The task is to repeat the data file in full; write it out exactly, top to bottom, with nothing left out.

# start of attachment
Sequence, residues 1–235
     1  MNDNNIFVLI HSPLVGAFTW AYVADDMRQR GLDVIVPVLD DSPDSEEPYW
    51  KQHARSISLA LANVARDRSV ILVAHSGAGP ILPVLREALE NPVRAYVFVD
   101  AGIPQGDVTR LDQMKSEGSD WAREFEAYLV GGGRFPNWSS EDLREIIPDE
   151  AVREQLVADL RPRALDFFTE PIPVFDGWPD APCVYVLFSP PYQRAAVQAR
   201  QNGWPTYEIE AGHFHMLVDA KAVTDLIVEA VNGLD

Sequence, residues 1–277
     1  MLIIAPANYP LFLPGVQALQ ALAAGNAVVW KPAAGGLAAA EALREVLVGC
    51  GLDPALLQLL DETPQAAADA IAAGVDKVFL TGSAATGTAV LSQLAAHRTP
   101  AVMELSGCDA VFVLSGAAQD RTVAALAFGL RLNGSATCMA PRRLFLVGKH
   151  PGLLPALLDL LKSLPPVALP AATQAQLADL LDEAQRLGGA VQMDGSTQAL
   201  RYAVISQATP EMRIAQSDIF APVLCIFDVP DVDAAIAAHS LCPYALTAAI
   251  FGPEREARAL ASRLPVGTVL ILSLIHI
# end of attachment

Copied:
Sequence, residues 1–235
     1  MNDNNIFVLI HSPLVGAFTW AYVADDMRQR GLDVIVPVLD DSPDSEEPYW
    51  KQHARSISLA LANVARDRSV ILVAHSGAGP ILPVLREALE NPVRAYVFVD
   101  AGIPQGDVTR LDQMKSEGSD WAREFEAYLV GGGRFPNWSS EDLREIIPDE
   151  AVREQLVADL RPRALDFFTE PIPVFDGWPD APCVYVLFSP PYQRAAVQAR
   201  QNGWPTYEIE AGHFHMLVDA KAVTDLIVEA VNGLD

Sequence, residues 1–277
     1  MLIIAPANYP LFLPGVQALQ ALAAGNAVVW KPAAGGLAAA EALREVLVGC
    51  GLDPALLQLL DETPQAAADA IAAGVDKVFL TGSAATGTAV LSQLAAHRTP
   101  AVMELSGCDA VFVLSGAAQD RTVAALAFGL RLNGSATCMA PRRLFLVGKH
   151  PGLLPALLDL LKSLPPVALP AATQAQLADL LDEAQRLGGA VQMDGSTQAL
   201  RYAVISQATP EMRIAQSDIF APVLCIFDVP DVDAAIAAHS LCPYALTAAI
   251  FGPEREARAL ASRLPVGTVL ILSLIHI